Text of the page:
"Counseling patients about what to expect with hearing aids and encouraging patients to adapt to the new changes of amplified sound is what we do day after day.  Follow up visits help us monitor our patients' success and happiness with their devices and make needed adjustments," Dr. Porter said. "At our office, we strongly recommend that our patients come in at least twice a year for hearing aid checks to ensure everything is working appropriately." 

5. Myth: Hearing aids will make my tinnitus worse.

To date, there is no "cure" for tinnitus; however hearing aids may help reduce tinnitus.  Dr. Guthrie and Dr. Johnson are certified through the Tinnitus Practitioners Association (TPA), and both audiologists are up-to-date in all available continuing education opportunities regarding tinnitus. They stress that hearing aids will not cause tinnitus to become worse and actually can now include technology that helps to manage tinnitus. "Our goal is to manage the tinnitus by providing the patient with a new soothing sound while also managing their hearing loss by making sounds in the patient's environment more audible," Dr. Guthrie said. "These hearing aids with sound generators (also called combination devices) can help with both hearing loss and tinnitus. Experts in tinnitus recommend the use of hearing aids more than any other treatment method for tinnitus."

6. Myth: If I don't like my hearing aids, I am stuck with them.

Most states require a 30 day adjustment period, and Johnson Audiology certainly understands the value of this time period.  This time allows a patient to try hearing aids in their own listening environments and return to the audiologists for support, programming adjustments, and device exchanges when necessary. 

"At Johnson Audiology, we want our patients to love their hearing aids. We work to find the right solution for each individual patient. Hearing aid users who don't like their hearing aids should consult an audiologist for adjustments and follow-up care to be successful," Dr. Porter said. "We educate our patients by explaining their degree of hearing loss and promoting realistic expectations for our patient and their family members," she added.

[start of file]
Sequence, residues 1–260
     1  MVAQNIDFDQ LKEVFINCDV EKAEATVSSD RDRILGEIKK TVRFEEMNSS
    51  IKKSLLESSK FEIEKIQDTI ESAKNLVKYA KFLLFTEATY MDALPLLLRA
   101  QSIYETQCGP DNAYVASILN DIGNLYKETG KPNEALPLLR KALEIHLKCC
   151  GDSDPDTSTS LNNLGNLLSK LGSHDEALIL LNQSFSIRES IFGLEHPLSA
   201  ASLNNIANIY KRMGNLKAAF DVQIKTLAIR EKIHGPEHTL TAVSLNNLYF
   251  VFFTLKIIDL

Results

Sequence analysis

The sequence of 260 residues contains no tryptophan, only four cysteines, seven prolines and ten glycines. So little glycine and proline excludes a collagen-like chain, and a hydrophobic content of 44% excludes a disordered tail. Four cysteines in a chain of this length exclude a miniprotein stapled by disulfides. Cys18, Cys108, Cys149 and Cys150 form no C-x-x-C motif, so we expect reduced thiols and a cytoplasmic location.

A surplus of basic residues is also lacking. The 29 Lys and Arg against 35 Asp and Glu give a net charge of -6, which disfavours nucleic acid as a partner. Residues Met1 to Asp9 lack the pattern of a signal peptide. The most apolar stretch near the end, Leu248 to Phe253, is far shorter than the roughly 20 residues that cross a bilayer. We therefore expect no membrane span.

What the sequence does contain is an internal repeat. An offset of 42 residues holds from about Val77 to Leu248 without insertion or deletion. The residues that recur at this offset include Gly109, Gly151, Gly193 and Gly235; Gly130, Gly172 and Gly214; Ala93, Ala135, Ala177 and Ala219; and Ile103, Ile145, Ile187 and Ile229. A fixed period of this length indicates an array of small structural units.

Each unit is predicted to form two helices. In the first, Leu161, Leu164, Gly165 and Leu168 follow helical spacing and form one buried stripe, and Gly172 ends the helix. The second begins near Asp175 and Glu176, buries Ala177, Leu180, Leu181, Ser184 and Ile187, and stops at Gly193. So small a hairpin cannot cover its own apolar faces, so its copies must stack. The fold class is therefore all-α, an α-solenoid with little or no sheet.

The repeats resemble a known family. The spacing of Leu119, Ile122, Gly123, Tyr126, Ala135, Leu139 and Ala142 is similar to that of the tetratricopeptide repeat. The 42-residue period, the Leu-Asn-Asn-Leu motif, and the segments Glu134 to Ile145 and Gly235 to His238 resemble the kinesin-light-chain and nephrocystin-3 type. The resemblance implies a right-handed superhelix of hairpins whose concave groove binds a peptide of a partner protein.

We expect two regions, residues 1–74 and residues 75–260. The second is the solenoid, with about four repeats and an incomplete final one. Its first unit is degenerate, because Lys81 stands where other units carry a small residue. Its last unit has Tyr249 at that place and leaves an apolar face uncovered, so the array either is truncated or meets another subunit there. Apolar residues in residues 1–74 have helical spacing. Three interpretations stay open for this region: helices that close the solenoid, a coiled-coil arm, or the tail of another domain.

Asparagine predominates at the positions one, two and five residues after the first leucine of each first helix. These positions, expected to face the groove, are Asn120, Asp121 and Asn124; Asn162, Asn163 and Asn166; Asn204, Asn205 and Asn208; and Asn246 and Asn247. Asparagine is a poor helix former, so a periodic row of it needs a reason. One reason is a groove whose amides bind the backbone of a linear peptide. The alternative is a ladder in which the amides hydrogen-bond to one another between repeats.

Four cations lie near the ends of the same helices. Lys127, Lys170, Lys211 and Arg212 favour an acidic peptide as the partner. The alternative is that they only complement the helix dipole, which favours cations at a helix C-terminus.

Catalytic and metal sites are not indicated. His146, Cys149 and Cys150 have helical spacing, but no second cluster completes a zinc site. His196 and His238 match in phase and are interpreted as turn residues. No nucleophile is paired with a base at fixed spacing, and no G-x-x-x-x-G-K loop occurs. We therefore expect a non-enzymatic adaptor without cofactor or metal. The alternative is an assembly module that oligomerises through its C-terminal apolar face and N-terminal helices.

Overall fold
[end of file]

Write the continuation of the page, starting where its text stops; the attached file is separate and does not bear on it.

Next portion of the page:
Hearing devices are an investment in your quality of life, and the audiologists at Johnson Audiology don't take that lightly. Their goal is to help each person hear successfully and be engaged in life. If hearing aids are stored in a drawer, the patient is not achieving that goal. There are many options available to each patient to ensure the best possible outcome. 

7. My friend tried hearing aids and they did not work, so hearing aids won't help me.

How can anyone judge their potential success by someone else's experience with a hearing aid?  Your hearing loss, ear canal size and shape, lifestyle, medical history, and motivation for success are all unique. This means your success with hearing aids may be very different from someone else.  Did your friend see an audiologist or a hearing aid salesperson? Did they see an audiologist that works with multiple manufacturers and has many options available for their unique needs?  Most manufactures make hearing aids in similar styles (ex. behind-the-ear, in-the-ear), but the technology is different and sound is processed differently.  Also, people perceive sound differently and may prefer the sound quality of one manufacturer over another. Sometimes it is necessary to try different manufacturers and styles to find the best fit for you.  If you have ever tried hearing aids unsuccessfully, don't give up.  Your hearing loss will likely progress as you age, so stay motivated to find what works best for you!

Johnson Audiology is located at 1618 Gunbarrel Road, Suite 102. They provide diagnostic hearing evaluations and consultations, a wide range of hearing aids from the leading manufacturers (including all levels technology), and hearing aid adjustments and repairs. For more information about their services, or to schedule a consultation, call 423-933-3623 or visit www.johnsonaudiology.com.

Noteworthy:

"Learning the latest technology of multiple manufacturers is challenging, but it allows us to select which manufacturer, style, and level of technology is most appropriate for individual patients." Dr. Megan Johnson

MORE INFORMATION

For more information about their services, or to schedule a consultation, call 423-933-3623 or visit www.johnsonaudiology.com.